Aggressive times called for punitive measures from Crawford County police officers who wrapped up the second wave of the Pennsylvania Aggressive Driving Enforcement and Education Project earlier this month.
The statewide program has participating departments cracking down on drivers violating speed limits and other traffic codes on state roads with high crash rates. Conneaut Lake Regional, West Mead Township and Vernon Township police departments participated in wave two.
“It’s all about public safety,” said Randy Detzel, Vernon Township police chief. “We just want everybody to be safe and have a nice summer so we do our best to target roadways that usually have the most accidents.”
From July 8 to Aug. 15, officers placed special concentration on Routes 322, 98 and 19 — just to name a few.
During each wave, however, any road can be subject to additional enforcement.
Officers mainly look out for speeding, tailgating, improper passing and running red lights.
Anyone requiring proof of these problems can simply park by a busy route such as 322 and watch the traffic, according to Detzel.
“I’ll get people who blast through the red light and tell me they were going too fast to stop,” he said. “The leading cause of crashes are speeding and tailgating because there’s no time to react.”
And officers agree accidents are far worse than citations.
While general accidents are trending downward, state statistics show an increase in the number of aggressive driving crashes, providing incentive for enforcement periods.
Data from the Pennsylvania Department of Transportation, which funds the enforcement program, reported 6,761 aggressive driving crashes in 2012, an increase from 6,330 in 2011.
More than 190 fatalities resulted from last year’s incidents, up from 168 the year prior.
Officers on the local front, however, report more positive results for their jurisdictions.
“Our traffic crashes have been down about 20 percent since we implemented the program about three years ago,” said Sergeant Bill Broderick of West Mead Township police. “It means we’re doing what we’re supposed to be doing.”
Broderick called wave two a success, noting a downward trend in speeding and other violations over the years.
“We’re out for a reason,” he said. “We have to keep you safe. We don’t enjoy giving out citations, but it’s part of our job and according to our stats, it’s working.”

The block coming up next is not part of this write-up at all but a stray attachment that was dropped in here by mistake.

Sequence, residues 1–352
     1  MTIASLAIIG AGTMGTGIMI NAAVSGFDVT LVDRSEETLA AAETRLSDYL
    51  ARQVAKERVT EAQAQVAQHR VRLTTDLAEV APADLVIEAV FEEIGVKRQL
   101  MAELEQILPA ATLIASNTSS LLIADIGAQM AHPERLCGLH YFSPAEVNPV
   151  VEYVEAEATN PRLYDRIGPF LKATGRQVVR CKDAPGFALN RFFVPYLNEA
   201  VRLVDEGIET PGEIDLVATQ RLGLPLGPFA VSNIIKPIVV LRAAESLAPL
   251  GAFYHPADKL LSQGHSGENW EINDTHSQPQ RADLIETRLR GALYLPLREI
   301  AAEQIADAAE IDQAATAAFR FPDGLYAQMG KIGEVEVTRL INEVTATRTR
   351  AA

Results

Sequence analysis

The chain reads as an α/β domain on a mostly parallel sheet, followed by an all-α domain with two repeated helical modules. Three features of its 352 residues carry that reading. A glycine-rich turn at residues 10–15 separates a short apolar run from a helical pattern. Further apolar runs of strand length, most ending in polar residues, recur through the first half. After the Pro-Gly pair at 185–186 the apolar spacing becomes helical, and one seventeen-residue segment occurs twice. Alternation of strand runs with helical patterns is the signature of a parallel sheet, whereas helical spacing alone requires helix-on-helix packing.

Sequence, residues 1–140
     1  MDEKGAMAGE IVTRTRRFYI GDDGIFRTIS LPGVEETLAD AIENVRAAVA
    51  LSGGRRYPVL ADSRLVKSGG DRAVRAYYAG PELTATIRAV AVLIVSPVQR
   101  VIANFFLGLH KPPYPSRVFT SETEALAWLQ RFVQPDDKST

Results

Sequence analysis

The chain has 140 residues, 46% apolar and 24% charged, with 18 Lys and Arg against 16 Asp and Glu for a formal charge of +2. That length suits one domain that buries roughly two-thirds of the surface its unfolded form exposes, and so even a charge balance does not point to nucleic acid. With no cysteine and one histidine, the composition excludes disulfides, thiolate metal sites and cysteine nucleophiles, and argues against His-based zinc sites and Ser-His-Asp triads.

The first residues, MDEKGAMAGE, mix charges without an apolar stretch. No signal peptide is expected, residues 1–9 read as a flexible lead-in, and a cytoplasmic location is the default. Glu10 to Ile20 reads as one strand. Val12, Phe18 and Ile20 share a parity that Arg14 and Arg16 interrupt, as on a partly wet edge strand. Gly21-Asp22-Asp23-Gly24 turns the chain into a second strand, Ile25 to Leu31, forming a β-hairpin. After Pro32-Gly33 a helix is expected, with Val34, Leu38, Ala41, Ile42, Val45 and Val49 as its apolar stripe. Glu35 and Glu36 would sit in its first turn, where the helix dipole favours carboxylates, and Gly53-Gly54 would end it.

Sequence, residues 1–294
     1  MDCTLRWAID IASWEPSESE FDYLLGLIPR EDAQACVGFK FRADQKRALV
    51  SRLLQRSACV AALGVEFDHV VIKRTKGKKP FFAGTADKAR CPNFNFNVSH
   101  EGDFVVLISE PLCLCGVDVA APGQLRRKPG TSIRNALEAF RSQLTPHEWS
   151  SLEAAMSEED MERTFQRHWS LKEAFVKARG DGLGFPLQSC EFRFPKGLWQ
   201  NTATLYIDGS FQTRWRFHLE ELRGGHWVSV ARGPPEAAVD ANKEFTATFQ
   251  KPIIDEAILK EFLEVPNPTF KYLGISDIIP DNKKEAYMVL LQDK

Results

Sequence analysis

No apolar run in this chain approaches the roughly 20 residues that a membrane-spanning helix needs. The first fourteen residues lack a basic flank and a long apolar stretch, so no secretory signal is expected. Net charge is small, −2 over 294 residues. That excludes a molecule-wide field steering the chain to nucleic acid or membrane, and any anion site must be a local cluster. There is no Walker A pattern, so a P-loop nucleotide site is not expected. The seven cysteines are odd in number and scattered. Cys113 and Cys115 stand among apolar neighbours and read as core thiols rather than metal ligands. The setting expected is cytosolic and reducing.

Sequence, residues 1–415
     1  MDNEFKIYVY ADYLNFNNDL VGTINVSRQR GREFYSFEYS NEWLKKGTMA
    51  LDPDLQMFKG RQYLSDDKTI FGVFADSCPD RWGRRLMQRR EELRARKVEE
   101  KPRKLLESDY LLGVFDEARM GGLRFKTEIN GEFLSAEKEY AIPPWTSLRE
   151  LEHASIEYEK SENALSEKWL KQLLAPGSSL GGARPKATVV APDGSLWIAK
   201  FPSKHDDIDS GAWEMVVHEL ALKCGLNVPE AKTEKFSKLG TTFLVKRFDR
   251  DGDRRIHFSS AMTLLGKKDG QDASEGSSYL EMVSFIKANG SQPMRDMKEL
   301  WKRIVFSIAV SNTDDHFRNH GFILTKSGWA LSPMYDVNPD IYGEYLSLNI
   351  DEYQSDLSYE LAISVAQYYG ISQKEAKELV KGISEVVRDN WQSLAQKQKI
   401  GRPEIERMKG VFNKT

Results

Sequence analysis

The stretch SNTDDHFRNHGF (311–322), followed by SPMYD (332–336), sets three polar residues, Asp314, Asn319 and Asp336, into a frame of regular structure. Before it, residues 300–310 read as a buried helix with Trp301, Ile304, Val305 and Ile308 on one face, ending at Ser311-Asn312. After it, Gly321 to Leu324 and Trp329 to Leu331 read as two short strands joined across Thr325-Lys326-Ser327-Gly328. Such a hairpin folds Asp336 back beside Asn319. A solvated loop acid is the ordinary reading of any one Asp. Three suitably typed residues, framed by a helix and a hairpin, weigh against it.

As to what part the public can play, officers recommend slowing down, wearing seatbelts and taking into account additional travel time so there’s no rush to a destination.
“Ultimately, the goal is to not have a state program to enforce this stuff,” Broderick said.
Additionally, drivers observing aggressive behaviors can help the cause during enforcement waves as long as they back up their claims.
Police departments are prone to dismissing anonymous statements to avoid pursuing false reports, according to Detzel.
“The public needs to be aware that if they witness a bad maneuver, with registration and proper ID, they must be willing and available to testify,” Detzel said. “Then we will take action.”
With another enforcement wave expected this fall, the public may have another chance to aid officers in the crackdown.
Detzel advises anyone witnessing aggressive driving to pull over safely and write a short paragraph including as many details as possible.
“If possible, include the weather, the time of day, direction of travel, the license plate number and a description of the driver,” he said. “You can never have too many details. More is better.”
Officers can then file a criminal complaint based on the information received.
“Nothing would make me happier than to have no one commit violations and give out no citations,” Detzel said. “But if you break the law, you will be cited.”
Tribune requests for comment from Conneaut Lake Regional Police Chief Todd Pfeifer were unsuccessful.
Konstantine Fekos can be reached at 724-6370 or by email at firstname.lastname@example.org.